Iâ€™ve visited Singapore a few times in recent years and been impressed with its wealth and modernity. I was also quite aware of its world-leading programs in mathematics education and naturally noted that one of the candidates for president was Tony Tan, who has a Ph.D. in applied mathematics. Tan won the very close election and joined the government of Prime Minister Lee Hsien Loong, who also has a degree in mathematics.
China has even more scientists in key positions in the government. President Hu Jintao was trained as a hydraulic engineer and Premier Wen Jiabao as a geomechanical engineer. In fact, eight out of the nine top government officials in China have scientific backgrounds. There is a scattering of scientist-politicians in high government positions in other countries as well. German Chancellor Angela Merkel has a doctorate in physical chemistry, and, going back a bit, Margaret Thatcher earned a degree in chemistry.
One neednâ€™t endorse the politics of these people or countries to feel that given the complexities of an ever more technologically sophisticated world, the United States could benefit from the participation and example of more scientists in government. This is obviously no panacea â€” Herbert Hoover was an engineer, after all â€” but more people with scientific backgrounds would be a welcome counterweight to the vast majority of legislators and other officials in this country who are lawyers.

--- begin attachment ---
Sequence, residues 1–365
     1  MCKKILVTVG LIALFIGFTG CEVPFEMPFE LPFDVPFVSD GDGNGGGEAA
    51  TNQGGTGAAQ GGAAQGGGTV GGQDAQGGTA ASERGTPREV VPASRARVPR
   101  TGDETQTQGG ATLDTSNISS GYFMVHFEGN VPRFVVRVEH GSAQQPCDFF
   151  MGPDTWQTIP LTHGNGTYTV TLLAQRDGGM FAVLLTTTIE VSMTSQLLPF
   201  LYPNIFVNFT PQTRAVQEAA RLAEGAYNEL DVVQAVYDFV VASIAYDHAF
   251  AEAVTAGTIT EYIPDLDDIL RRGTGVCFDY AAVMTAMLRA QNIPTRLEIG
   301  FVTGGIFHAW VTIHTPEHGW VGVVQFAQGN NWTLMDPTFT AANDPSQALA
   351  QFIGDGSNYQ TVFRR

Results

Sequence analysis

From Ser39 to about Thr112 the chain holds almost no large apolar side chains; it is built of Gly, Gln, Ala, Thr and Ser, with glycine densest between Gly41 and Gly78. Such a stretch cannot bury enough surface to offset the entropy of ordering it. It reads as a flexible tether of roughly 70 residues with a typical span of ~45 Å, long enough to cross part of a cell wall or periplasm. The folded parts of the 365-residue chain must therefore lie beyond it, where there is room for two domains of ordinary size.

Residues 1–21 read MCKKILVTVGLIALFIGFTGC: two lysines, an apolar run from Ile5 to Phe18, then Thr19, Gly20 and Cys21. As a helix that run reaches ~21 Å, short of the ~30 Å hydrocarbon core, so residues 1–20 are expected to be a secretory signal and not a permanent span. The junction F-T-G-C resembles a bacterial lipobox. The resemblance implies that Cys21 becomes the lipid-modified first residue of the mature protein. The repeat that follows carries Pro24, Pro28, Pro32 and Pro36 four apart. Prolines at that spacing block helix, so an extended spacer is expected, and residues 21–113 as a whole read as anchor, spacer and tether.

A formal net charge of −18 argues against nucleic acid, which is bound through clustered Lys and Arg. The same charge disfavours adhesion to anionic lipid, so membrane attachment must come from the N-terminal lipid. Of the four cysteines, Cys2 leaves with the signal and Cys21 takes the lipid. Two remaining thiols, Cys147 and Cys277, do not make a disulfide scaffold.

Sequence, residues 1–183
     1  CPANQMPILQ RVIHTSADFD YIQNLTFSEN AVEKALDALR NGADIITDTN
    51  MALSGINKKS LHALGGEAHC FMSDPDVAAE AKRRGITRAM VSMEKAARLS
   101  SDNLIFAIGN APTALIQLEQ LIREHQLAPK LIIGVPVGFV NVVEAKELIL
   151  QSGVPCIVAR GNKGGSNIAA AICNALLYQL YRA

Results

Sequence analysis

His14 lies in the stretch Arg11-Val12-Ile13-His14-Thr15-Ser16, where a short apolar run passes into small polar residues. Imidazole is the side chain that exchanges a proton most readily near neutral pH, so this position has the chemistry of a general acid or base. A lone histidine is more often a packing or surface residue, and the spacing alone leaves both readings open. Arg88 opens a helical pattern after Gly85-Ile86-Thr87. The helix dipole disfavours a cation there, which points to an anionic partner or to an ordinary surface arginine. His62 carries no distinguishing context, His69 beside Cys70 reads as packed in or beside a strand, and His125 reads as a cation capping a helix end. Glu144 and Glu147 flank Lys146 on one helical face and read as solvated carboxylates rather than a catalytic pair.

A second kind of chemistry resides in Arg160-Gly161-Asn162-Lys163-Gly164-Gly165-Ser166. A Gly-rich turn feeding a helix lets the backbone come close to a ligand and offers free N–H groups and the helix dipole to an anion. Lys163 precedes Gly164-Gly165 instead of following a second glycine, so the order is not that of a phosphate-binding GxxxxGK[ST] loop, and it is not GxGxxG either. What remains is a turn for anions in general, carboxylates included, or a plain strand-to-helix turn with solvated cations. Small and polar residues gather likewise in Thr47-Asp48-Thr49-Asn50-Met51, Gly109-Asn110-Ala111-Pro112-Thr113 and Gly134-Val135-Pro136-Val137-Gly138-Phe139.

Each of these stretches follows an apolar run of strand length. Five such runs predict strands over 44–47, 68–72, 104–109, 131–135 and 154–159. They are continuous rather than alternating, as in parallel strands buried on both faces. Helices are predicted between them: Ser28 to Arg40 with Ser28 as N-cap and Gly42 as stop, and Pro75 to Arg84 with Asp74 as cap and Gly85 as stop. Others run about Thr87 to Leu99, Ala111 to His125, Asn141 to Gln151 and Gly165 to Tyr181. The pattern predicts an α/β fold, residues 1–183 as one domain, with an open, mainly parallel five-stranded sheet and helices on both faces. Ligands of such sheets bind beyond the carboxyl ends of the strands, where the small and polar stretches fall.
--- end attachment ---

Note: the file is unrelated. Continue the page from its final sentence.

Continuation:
According to the report, â€œInspired by a University of Cambridge mathematician, over 5000 academics have agreed to boycott publishers Elsevier, vowing not to peer-review or submit papers for any of its scientific journals.â€
Don Paterson, an editor and a poet, claim[s] that â€œA non-poet canâ€™t do a line-edit on a poemâ€; it is essential for an editor to be a poet, too.
Michael Schmidt, the editor of Carcanet Press and PN Review, added that the job can be tricky when grappling with the work of someone from a different culture. â€œIf youâ€™re publishing a Zimbabwean poet or a poet from India or New Zealand, theyâ€™ll speak a language different from your own,â€ he said, adding, â€œThis is an issue between genders as well.â€
Both these points are slightly disquieting. If only poets can edit the work of another, does that mean that only poets fully comprehend the work?
New Madrid Earthquakes
200th Year Anniversary
New Madrid, Missouri Seismic Zone is the most seismically active region in the Central United States today and is famous for a series of Three major earthquakes in 1811 and 1812. They are noted for being the most prolonged series of earthquakes in US history. Come visit our display concerning earthquakes that have occurred locally and worldwide.
Sadly, unlike a regular person, a library cannot pay Amazon or Barnes & Noble for an eBook and then lend it out to people. We can buy a printed book from these companies, stick it on the shelf, and lend it out–but digital content is treated differently by the publishers and the companies who manage digital content licensing. We desperately want to offer you these eBooks. But the companies won’t let us. As your library, we commit to continuing advocacy for change in these policies.
For more info and to see who to contact, please see bit.ly/noebooks